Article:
It’s beginning to look a lot like Christmas! This season, your home is sure to be filled with fun and holiday cheer. It’s important to consider your pet’s safety when decorating or preparing holiday meals. Here is a list of Christmas cautions to keep in mind when living with cats and dogs.
Many pets find holiday decorations very appealing. However, this can lead to various types of injury
Ornaments – Pets may think these are toys and ingest them and/or choke on them. Glass ornaments can cause cuts on paws and to the mouth and digestive tract if swallowed. They can also get stuck in the GI tract and need surgical removal.
Tinsel/Ribbon/Garland/Wrapping Paper – Pets often find tinsel and ribbon intriguing. This is especially true for cats. If ingested, any of these items can get trapped in the intestines. This requires immediate veterinary attention and can be life threatening if not addressed.
Potpourri – The festive scent can entice pets to investigate. Make sure containers are covered or not accessible. If ingested, potpourri can cause GI upset (vomiting and diarrhea)
Christmas Tree Water – May pets love to drink water in the tree stand. Be cautious if you use chemicals in the water to preserve the life of your tree, as these can be harmful to your pets.
The glow of lights and candles add a warm touch to dark, wintry nights. Our furry friends, however, may see things differently.
Candles or Fireplaces – Any type of flame candle or fire can cause a burn risk to our furry friends.
Wires/Electrical Cords – Pets may think lights or cords are toys. They may chew them and experience an electrical shock (which can be life-threatening), or create a fire risk.
Holiday plants may be confused for food by our pets. Side effects include gastrointestinal irritation, vomiting, and diarrhea as well as more life-threatening conditions. Be especially cautious of the following if you choose to display them in your home:
Lilies– (all varieties, including Easter Lily, Amaryllis): these can cause acute renal (kidney) failure in our feline friends. It is very important if your cat eats any type of Lily plant that you seek immediate veterinary care.
Mistletoe – Mistletoe is well-known for causing severe intestinal upset, as well as a sudden and severe drop in blood pressure, breathing problems, and even hallucinations (unusual behavior). If a large enough amount of these plants is ingested, seizures and death may follow. The leaves and berries of holly and mistletoe plants, even the dried plants, should be kept well out of your pet’s reach, or kept out of the home altogether.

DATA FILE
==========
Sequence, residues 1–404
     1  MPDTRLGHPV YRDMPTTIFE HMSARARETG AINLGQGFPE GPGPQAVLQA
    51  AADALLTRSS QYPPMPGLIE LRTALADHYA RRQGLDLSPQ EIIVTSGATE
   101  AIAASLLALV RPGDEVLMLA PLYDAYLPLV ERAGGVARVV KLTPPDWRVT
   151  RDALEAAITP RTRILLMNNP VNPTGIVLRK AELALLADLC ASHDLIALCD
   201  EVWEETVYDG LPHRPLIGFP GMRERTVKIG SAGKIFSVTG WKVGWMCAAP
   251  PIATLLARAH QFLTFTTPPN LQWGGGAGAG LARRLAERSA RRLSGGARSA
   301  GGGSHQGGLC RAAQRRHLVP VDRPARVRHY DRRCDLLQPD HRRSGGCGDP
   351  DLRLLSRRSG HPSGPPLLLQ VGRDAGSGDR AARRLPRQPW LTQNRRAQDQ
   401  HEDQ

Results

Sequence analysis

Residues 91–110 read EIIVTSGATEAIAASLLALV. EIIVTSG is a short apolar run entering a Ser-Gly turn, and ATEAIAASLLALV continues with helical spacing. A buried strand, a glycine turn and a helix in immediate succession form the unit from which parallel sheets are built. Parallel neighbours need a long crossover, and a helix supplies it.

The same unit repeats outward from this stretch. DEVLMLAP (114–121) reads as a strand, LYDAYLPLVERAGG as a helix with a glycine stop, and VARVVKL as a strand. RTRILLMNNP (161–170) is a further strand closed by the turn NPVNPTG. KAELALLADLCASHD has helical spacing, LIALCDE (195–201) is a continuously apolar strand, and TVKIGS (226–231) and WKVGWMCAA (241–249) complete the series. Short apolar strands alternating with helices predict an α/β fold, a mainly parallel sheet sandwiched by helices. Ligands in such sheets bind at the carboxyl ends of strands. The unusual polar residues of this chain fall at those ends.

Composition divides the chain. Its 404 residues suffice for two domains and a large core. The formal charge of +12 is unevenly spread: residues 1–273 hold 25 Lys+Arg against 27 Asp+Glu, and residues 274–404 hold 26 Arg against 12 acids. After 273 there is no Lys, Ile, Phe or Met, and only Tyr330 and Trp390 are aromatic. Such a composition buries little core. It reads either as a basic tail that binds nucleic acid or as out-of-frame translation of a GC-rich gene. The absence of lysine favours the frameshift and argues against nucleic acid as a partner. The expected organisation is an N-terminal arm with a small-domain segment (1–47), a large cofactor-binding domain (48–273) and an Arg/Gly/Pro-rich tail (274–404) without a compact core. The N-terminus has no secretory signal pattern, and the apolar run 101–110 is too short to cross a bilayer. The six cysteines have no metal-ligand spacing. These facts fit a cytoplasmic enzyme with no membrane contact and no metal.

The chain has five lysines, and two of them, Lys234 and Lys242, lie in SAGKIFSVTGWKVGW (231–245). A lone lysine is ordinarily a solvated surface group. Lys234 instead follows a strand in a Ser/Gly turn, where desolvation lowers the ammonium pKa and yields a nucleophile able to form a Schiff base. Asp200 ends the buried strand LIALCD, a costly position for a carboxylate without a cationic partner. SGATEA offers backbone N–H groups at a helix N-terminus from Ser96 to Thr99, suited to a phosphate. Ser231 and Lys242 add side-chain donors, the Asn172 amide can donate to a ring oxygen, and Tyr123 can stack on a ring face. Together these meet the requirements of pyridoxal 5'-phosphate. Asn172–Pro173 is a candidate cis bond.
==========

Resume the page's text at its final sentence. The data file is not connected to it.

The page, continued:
Poinsettias – A lot of people have been led to believe that the poinsettia plant is deadly for pets and children, but this is actually an unlikely occurrence. The poinsettia plant’s brightly colored leaves contain a sap that is irritating to the tissues of the mouth and esophagus. If the leaves are ingested, they will often cause nausea and vomiting, but it would take a large amount of the plant’s material to cause poisoning. However, if the plant has been treated with a pesticide, your pet could be at risk of becoming ill from ingesting the pesticide. Severe reactions to the plant or to the pesticide it has been treated with include seizures, coma, and, in some cases, death.
Holly – Symptoms of illness from ingesting these plants include intestinal upset, such as vomiting and diarrhea, excessive drooling, and abdominal pain. The leaves and berries of Holly plants, even if dried should be kept well out of your pet’s reach or your home altogether.
Pine tree needles and sap – The oils produced by fir trees can be irritating to a pet’s mouth and stomach, causing excessive vomiting or drooling. The tree needles, meanwhile, may cause gastrointestinal irritation, obstruction, and puncture. Additionally, the water used to nourish Christmas trees can be noxious. Bacteria, molds, and fertilizers can cause your pet to become extremely sick with only a few laps.
Christmas Cactus – Fortunately, the Christmas Cactus (or its relative, the Easter Cactus) plant is not toxic to dogs in either its parts or flowers. The same lack of toxicity applies for cats. However, fibrous plant material can cause irritation to the stomach and intestine, leading to vomiting or diarrhea.
There are two groups of food to avoid feeding your pet. One is high-fat foods which can lead to pancreatitis (inflammation of the pancreas) and can affect both dogs and cats. The other group is toxic foods which require an immediate visit to the veterinarian.
High Fat Foods Toxic Foods
- Turkey (dark meat) Uncooked bread dough
- Buttery/Fried Dishes Raisins and Grapes
- Desserts Onions
- Gravy (sugar substitute in gum and candies)
Chocolate (dark chocolate is more toxic than milk chocolate)
And please remember that even though your dog loves to be included in the Christmas fun, it may be too much sometimes. If your pet seems stressed from the hustling and bustling — and many do — have a safe place for him or her away from all the activities. Be sure to have a soft area for sleep, a toy or two, water, and food at their disposal. It’s very important that our dogs have a place to go and lay down and be by themselves.